Notwithstanding his evident obsession with the brand, Chris has owned a varied and eclectic catalogue of other cars as well as his countless Ferraris: a McLaren 675LT, a Jaguar XK SS, a Jaguar XK120, a Jaguar XK150, a Daimler V8, a Daimler SP250, a Mercedes 280SL, a Mercedes 190SL, a Porsche 955 Cabriolet, a 1972 VW Beetle, a 1974 Ford Escort, a Fiat 500 and a Fiat 126 to name just a few.

Chitty Chitty Bang Bang

Amongst the more eccentric highlights from Chris's motoring history was a Chitty Chitty Bang Bang car as seen in the eponymous 1968 Disney movie. The history of Chris's Chitty is somewhat muddled, largely thanks to poor research by journalists. It was widely reported that Evans's Chitty Chitty Bang Bang, registration number 772 YUJ, was one of the original movie cars and the sole fully functional model out of the six cars created for the production - but its listing in the 2015 Bonhams auction catalogue tells the real story. Evans acquired the replica car from its builder in 2012 and, far from being a 1960s original, construction of the Evans Chitty didn't begin until 1998. Although it may be a later reproduction, the car Chris bought didn't lack pedigree. It was built with help from many of the experts and companies who designed and fabricated the various components of the original. Its tail woodwork involved the boat builder who had worked on the film, its leather upholstery was made at Pinewood Studios where the movie was shot and the wheels were cast by the company who made the originals. Evans later sold the car to a Co. Down businessman who used it to raise funds for a Leukaemia and Lymphoma charity.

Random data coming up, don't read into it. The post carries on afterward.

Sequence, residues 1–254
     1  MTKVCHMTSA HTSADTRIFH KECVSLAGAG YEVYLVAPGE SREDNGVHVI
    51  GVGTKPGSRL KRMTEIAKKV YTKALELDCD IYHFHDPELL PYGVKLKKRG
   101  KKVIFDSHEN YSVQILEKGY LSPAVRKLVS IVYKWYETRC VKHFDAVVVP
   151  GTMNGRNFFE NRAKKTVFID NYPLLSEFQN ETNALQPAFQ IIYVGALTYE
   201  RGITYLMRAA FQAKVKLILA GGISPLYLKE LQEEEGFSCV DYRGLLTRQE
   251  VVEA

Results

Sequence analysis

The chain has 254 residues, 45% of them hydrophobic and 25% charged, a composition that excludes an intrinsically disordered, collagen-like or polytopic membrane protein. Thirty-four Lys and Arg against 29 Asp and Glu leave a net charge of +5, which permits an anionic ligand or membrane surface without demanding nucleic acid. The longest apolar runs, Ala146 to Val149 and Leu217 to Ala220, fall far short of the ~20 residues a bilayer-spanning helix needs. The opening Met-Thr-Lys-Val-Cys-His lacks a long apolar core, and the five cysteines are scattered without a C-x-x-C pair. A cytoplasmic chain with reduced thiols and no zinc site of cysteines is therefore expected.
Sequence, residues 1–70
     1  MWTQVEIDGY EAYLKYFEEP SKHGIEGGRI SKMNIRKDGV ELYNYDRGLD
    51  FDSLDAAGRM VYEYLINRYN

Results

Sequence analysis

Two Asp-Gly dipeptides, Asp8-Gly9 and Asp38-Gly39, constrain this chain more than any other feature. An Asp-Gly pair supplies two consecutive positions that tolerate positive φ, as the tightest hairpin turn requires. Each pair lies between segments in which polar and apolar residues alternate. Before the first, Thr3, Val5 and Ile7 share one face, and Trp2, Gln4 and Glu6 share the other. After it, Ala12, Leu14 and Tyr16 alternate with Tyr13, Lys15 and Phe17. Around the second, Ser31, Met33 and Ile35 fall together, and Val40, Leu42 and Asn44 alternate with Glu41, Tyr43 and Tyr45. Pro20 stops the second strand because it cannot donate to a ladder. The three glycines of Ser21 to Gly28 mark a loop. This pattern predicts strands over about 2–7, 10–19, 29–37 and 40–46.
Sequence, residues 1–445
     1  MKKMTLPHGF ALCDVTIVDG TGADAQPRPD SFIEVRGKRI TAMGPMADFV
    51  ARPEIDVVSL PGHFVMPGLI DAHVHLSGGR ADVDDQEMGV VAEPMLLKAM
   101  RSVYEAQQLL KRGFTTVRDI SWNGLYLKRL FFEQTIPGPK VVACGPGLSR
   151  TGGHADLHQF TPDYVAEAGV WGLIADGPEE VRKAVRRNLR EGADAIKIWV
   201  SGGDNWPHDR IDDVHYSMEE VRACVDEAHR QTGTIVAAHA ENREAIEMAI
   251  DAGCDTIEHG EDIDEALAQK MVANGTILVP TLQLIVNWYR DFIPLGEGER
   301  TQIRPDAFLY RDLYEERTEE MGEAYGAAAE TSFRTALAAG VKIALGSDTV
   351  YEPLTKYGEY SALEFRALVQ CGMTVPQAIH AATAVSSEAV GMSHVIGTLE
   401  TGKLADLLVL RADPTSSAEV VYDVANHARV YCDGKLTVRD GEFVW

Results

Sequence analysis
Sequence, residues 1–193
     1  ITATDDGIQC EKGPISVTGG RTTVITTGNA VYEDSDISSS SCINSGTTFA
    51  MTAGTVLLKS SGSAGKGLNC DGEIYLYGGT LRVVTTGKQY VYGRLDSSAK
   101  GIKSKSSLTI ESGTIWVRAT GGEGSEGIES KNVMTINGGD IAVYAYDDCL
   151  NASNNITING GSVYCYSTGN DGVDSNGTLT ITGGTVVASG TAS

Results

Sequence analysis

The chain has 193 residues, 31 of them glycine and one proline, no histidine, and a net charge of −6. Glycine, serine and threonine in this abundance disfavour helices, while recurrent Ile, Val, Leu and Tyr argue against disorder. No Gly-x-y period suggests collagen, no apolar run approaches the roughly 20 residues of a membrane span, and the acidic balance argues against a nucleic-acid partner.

Chris Evans is, himself, an active supporter of a number of charities and causes, notably the BBC's Children in Need, and one of his most enduring charity projects has been CarFest, an annual event that takes place in Cheshire and Hampshire. Described variously as the UK's biggest family fundraising festival and the UK's biggest village fete, CarFest North and CarFest South present musical performances, celebrity guests, food and drink, activities and, as one would expect from a Chris Evans brainchild, lots of impressive cars on show.

The career that pays for the cars

Like many broadcasters, Chris Evans got his start in the business on a local radio station. In Chris's case, the locality was Manchester but before long he migrated south, to London, where he worked on the BBC's Greater London Radio station, first as a producer then as host of his own show. The move to television came during Chris's tenure at GLR and one of his first on-screen jobs was as presenter of a children's show that lasted all of 6 weeks on ITV's now-defunct TV-am channel before being cancelled. An inauspicious start, perhaps, but better was soon to follow.

Although he stayed at GLR a while longer, Evans began to spread his wings a little wider and, in 1992, a Sunday afternoon show on Radio 1 gave him more exposure. Chris's first stay there lasted just a few months though and, lamenting a lack of artistic freedom, he left Radio 1 later the same year and began a new bid for television success when he began co-presenting Channel 4’s breakfast TV show, The Big Breakfast. It was a good move and Evans soon left GLR, thus abandoning radio altogether, so he could devote his energies to television.

Things went well and Chris presented The Big Breakfast until 1994 when he moved to present a new series he had developed for Channel 4 called Don’t Forget Your Toothbrush. After a shaky start, the show became very successful and Evans started his own production company, Ginger Productions. In addition to his salary as a broadcaster, he also began making money from selling his original programme formats around the world.